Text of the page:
CONNECTING WITH PLAYERS THROUGH NARRATIVE AND WORLD BUILDING
There are two conflicting ideologies on the source of empathy between a consumer and the creator. On the one hand, such individuals as Henry Jenkins in his work “Transmedia Storytelling” argues that the world of an experience should come first. For Jenkins, a well-developed world proves to be the most poignant source of connection with an audience as it can cross into multiple media. A world can reach through the barriers of games, or comics, or television and bring enthusiasts of each medium together because of their appreciation of one world. On the other hand, there is the approach delineated by Scott McCloud in The Vocabulary of Comics, which focuses on how the representation of characters can manipulate the connection between the audience and a work. Both perspectives converge in the game Endless Legend, a computer game by Amplitude Studios which combines an intensely developed world with in-depth narratives and characters.
Endless Legend begins with a combination of characters and world building. When one first begins the game, the player is offered the opportunity to choose a faction. Each faction has a leader, specialty traits, and, most important, a history. Personally, it is the history with the specialty traits as a close second that help me determine with which faction I want to play. However, as shown in the figure below, the text depicting the history and traits are not the primary focus of the start screen. It is the leader, the character. From a “character first” or “character representation first” viewpoint, it seems as if the understanding from the creator’s end is that the player will respond most strongly to the visual representation of each faction. This tool of a using a central, visual figure to which the player can cling as a source of empathy is carried through to the actual game. Each faction has a “hero” character with which the player first explores the world. The factions are visually distinct, allowing the player to feel unique in their connection to the hero even in a world rife with detail. The hero unit-as-character is ultimately a case study in how the game uses an empathetic character to give an anchor to, and flesh out, an interesting and deeply developed world.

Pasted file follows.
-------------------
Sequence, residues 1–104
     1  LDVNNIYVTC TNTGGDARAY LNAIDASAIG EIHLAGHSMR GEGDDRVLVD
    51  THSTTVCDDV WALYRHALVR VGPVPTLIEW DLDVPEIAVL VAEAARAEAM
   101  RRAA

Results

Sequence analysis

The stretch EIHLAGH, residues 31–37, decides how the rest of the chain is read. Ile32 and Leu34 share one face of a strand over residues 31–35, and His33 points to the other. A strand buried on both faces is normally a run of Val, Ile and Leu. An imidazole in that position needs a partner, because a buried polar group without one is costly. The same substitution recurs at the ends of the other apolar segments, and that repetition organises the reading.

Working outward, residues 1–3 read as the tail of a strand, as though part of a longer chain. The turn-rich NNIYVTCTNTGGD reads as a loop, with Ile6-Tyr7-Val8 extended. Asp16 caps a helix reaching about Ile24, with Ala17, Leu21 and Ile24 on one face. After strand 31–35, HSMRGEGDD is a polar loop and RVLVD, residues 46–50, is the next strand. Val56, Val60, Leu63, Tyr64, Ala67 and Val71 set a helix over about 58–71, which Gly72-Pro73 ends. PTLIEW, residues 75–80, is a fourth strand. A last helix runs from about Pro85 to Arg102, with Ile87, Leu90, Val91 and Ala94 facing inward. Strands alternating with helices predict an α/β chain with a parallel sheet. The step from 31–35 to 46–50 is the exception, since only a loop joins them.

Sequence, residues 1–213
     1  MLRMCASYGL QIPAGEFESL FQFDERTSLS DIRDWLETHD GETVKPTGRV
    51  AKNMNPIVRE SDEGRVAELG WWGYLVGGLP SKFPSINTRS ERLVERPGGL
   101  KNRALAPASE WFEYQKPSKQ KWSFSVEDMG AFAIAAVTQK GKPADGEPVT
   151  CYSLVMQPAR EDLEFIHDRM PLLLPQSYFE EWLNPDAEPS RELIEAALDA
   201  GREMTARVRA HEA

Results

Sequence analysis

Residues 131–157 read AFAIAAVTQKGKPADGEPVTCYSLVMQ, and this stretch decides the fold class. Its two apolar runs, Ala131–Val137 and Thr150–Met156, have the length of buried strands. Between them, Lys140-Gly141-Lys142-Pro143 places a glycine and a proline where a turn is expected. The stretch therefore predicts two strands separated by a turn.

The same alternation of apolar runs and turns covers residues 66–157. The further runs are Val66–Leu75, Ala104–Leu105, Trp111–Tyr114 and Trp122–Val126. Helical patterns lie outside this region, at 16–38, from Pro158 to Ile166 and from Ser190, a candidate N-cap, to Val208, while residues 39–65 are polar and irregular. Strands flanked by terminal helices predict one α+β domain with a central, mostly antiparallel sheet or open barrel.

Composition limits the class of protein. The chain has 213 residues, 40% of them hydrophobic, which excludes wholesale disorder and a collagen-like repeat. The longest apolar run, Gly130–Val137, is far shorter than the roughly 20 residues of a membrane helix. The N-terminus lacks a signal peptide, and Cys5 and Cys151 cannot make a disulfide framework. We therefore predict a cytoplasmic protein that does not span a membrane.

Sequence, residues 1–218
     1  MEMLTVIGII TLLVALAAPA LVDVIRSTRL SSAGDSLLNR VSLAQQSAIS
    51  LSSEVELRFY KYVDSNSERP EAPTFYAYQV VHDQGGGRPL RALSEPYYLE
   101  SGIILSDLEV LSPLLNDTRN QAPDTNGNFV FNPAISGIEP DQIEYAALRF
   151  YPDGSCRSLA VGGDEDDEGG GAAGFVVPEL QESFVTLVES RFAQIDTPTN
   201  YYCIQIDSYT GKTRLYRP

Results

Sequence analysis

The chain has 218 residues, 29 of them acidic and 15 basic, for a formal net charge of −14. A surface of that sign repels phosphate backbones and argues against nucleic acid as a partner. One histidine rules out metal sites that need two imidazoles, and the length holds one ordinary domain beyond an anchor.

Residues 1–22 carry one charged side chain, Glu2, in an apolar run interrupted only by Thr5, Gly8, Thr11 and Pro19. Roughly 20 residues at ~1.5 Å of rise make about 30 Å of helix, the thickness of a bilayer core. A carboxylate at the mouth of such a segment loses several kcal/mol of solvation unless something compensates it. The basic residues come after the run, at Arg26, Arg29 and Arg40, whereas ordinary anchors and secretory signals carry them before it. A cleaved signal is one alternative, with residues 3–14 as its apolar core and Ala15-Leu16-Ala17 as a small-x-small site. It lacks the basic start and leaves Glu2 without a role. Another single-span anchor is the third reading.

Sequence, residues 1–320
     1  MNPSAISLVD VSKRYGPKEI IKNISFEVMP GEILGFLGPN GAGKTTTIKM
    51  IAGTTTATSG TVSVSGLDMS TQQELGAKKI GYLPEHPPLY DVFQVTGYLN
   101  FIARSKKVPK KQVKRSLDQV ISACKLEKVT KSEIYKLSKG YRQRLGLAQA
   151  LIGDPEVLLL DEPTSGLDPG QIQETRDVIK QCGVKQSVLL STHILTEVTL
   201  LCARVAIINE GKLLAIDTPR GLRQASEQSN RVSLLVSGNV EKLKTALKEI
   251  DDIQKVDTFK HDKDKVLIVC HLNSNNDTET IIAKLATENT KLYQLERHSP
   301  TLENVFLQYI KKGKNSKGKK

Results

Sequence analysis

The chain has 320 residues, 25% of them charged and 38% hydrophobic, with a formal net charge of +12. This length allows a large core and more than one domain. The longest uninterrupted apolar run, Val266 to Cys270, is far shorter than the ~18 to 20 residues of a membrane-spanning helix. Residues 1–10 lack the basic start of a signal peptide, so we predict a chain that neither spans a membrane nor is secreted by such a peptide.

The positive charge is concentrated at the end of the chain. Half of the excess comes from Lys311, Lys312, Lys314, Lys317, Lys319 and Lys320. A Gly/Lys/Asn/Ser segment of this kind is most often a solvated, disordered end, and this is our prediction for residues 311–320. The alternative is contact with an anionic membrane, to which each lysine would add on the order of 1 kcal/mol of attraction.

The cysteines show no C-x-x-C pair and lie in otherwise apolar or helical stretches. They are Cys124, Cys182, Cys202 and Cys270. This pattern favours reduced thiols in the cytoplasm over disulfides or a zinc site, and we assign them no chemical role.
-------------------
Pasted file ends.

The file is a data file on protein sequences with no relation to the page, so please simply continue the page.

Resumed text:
The art in the game is detailed, with a combination of realism and abstraction. While the lighting, textures, and human character proportions do offer a more realistic representation, the game uses an abstract approach to model the way the world works, from territory to societal change. Maneuvering through the world is mechanical, as players achieve growth but are also limited by tiles. An example of such a relationship between growth and limitations is the component of per-tile growth in a city. The mechanism is an abstraction of real decisions and consequences national and municipal leaders must deal with. However, in the game, it is represented as a rate at which your territory will expand to a new tile. Playing the game is an exercise in absorbing vibrant, detailed art that represents abstracted ideas and systems.
Based on Scott McCloud’s analysis of human representation in entertainment, in particular comics, Endless Legend’s art, which trends more towards realism, would serve to alienate players as the characters become more objectified. While there are realistic components in the game that pose a risk of alienating players, I believe that two abstractions balance the realism of the game: the first being a certain level of abstraction in the art itself (monsters, creatures, fantastical terrain) and the second being the abstraction in how the game presents the world. The world mechanics are an abstraction of our own world order. Just as an illustration can provide a symbolic representation of a human figure, so does Endless Legend provide symbolism that reflects our own global and national economic systems.
Despite that the game has monsters and new creatures, the world does reflect our own well. There are both natural and societal obstacles to overcome. The representation of the game reflects and uses a more realistic representation. Most of the faction characters are humans (or humanoid) and the modelling of the game does not have a high level of abstraction to it. As such, Endless Legend shows the power of game mechanics and how the relationship between players and games through them shatters the boundaries that other genres experience. In Endless Legend, the game mechanics create a sense of ownership and empathy within the players. More precisely, the game mechanics built as abstractions of world systems players are already familiar with provide a deeper connection between players and the world of Endless Legend.
However, Endless Legend takes a step further than other society building games in that it has strong characters and backstory for each faction. As you progress through the game, you are given quests that are intended to create an understanding of the history and conditions of the player’s faction. Endless Legend demonstrates that the rules laid out by Scott McCloud cannot be fully transferred to a medium in a purely visual sense, as you might expect to see in comics or animation. However, the game also posits that world building cannot exist apart from character development, as argued by Henry Jenkins. While the game is still relatively new and niche and so has yet to see a transmedia awakening, I predict that both the characters and the world will have equal footing in transmedia manifestations as they are intimately linked to one another.